Forth Awards: Community heroes join stars

Scouting For Girls singer Roy Stride with members of the audience on stage. Picture: Ian Georgeson
Scouting For Girls singer Roy Stride with members of the audience on stage. Picture: Ian Georgeson
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A GIANT conga line snaked across a star-studded stage as Scouting For Girls closed the Forth Awards in style.

As the chart-toppers belted out their best-known hit, She’s So Lovely, they could have been signing about Strictly Come Dancing star Pixie Lott, who stole the show and 
melted hearts at the Usher Hall.

Pixie Lott. Picture: Ian Georgeson

Pixie Lott. Picture: Ian Georgeson

Pixie, who had the crowd on their feet with her song All About Tonight, even brought her Australian dancing partner Trent Whiddon along for his first visit to Scotland.

Edinburgh rockers Pilot made a special appearance to perform their 1975 number one hit Magic – the first song ever played on Radio Forth. But it was the conga which provided the lasting memory at the 11th annual extravaganza, which saw community heroes mix with celebrities.

Synth legends Erasure opened the show with a bang, delivering a knock-out performance of A Little Respect before being handed the Forth Icon award by Arlene Stuart.

Irish comedian Andy Maxwell then had the audiences in stitches with a 15-minute stand-up set, and was presented with the Forth Fringe award for 20 memorable years at the festival.

Gritty newcomer George Ezra took home two awards for Best Performance and Best Artist. The 21-year-old songwriter exploded on to the music scene last year with his debut album, and has since racked up top-ten singles in ten countries, and is currently in the middle of his third sold-out UK tour.

Scouting for Girls closed the show in style after bagging the Contribution to Music award.

But amid the stardust, the real champions were the community award winners, who took home prizes for sterling work which rarely enjoys or seeks the spotlight.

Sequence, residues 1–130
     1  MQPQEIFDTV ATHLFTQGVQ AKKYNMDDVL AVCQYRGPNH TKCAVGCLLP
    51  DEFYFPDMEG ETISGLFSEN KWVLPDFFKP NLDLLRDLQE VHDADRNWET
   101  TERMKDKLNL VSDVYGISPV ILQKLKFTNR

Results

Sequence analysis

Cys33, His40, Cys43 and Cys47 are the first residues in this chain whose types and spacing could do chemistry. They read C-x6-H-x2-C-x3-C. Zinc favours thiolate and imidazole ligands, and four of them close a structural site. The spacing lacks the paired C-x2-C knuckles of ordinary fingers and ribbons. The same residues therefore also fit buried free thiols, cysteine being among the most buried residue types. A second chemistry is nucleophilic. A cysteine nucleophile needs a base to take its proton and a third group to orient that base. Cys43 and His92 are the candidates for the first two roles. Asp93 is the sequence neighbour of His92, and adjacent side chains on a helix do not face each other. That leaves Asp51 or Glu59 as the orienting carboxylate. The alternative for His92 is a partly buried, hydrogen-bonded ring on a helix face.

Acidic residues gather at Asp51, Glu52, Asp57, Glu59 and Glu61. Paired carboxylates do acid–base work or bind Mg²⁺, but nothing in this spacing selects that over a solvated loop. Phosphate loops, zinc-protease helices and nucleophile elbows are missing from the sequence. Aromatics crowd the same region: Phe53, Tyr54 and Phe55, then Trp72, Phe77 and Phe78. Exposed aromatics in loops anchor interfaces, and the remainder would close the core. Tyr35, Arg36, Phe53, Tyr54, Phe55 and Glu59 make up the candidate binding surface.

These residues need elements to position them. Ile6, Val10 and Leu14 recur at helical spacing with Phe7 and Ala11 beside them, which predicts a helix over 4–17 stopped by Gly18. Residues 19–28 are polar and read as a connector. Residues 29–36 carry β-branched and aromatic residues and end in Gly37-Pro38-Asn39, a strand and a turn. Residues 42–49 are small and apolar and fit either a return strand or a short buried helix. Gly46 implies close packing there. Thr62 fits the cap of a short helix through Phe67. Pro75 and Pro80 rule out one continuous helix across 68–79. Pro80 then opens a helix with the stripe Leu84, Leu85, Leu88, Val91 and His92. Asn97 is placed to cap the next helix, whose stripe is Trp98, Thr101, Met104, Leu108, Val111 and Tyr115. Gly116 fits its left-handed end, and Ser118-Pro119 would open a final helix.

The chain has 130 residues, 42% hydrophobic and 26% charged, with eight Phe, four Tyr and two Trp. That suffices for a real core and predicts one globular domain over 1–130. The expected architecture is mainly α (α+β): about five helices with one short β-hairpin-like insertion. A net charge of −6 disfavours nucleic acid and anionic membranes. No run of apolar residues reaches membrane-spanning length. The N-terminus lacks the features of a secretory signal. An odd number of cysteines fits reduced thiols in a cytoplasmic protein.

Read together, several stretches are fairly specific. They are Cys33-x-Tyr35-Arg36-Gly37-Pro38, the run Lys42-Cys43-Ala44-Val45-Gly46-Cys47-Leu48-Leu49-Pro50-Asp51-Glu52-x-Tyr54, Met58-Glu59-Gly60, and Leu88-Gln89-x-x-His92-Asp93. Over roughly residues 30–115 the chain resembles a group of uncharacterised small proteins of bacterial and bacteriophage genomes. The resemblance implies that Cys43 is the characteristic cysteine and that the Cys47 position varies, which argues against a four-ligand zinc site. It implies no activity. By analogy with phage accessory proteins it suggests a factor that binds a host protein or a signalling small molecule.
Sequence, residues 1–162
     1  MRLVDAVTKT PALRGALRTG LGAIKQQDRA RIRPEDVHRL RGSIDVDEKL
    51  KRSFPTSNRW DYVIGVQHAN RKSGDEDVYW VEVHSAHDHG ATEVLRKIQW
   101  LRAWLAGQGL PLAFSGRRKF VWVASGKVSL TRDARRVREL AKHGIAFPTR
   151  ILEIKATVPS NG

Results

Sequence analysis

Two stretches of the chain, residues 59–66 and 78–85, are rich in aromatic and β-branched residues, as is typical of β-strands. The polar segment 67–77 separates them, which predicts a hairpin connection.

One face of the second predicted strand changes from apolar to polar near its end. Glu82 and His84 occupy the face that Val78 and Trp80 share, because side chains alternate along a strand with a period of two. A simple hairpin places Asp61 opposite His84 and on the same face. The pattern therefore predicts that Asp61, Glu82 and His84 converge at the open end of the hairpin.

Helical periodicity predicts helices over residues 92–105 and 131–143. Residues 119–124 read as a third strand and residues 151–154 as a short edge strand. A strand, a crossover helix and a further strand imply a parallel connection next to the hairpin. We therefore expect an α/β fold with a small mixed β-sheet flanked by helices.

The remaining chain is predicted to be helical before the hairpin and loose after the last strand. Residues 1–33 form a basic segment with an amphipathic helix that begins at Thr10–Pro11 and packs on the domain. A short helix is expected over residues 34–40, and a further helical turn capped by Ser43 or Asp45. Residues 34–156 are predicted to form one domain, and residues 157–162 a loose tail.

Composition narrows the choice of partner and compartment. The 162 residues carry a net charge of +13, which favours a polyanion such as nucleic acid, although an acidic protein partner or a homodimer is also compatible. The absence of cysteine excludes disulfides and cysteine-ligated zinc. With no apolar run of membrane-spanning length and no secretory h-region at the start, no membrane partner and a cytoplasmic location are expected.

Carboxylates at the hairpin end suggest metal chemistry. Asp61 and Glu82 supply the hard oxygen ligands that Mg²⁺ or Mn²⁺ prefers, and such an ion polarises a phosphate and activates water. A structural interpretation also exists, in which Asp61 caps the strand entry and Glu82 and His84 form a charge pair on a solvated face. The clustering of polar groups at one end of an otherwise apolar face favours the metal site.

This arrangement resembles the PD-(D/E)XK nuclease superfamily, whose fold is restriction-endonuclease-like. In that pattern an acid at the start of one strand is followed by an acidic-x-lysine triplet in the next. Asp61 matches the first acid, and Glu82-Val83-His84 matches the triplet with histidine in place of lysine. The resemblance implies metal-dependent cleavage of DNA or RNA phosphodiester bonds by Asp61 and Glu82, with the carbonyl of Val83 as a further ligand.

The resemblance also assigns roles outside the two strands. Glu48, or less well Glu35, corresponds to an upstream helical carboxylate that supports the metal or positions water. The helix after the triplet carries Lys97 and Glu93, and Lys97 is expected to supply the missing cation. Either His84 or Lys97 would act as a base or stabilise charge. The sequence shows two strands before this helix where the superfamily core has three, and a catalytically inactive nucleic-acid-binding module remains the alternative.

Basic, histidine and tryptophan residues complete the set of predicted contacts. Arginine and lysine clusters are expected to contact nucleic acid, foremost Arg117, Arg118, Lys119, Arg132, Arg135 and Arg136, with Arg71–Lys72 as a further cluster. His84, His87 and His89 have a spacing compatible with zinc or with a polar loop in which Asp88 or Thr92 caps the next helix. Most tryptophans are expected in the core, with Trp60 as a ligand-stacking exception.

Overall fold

Amongst them was 
11-year-old Neve Johnston, who captivated the audience with her infectious sense of humour and her huge heart as she explained how she has raised hundreds of pounds for charity Cash For Kids.

Neve, who suffers from brittle bone disease Osteogenesis Imperfect, has spent more than a year gathering donations so the charity’s team of Clown Doctors can brighten up the lives of young patients at the Sick Kids hospital.

“The Clown Doctors come in to try and make children feel better about having to spend so much time inside of a hospital, because it can be scary,” she said.

“It’s an important project because it makes them smile.”

The Best Teacher award went to Murrayburn Primary School head Catherine Lynch, while volunteers at The Big Project in Broomhouse landed the Community Venture award.

“Our programme is all about encouraging young people and providing them with ways to express their views and be heard,” said project manager Sascha Macleod.

“It’s taken people a little while to realise that we’re here and what we’re doing, but it’s really humbling that The Big Project is finally starting to receive recognition for that work.”

Rose Street hostelry Element was named Best Bar/Restaurant, while champion judoka Euan Barton accepted an award on behalf of the entire Scottish Commonwealth Games team for Contribution to Sport.

The Evening News-backed Local Hero award went to Russell Easton, from Colinton, who has spent the last 25 years working with a host of community groups around the Capital.

Cathy Kirk, commercial director for Bauer, Radio Forth’s parent company, said: “The real stars of the show were the community award winners.”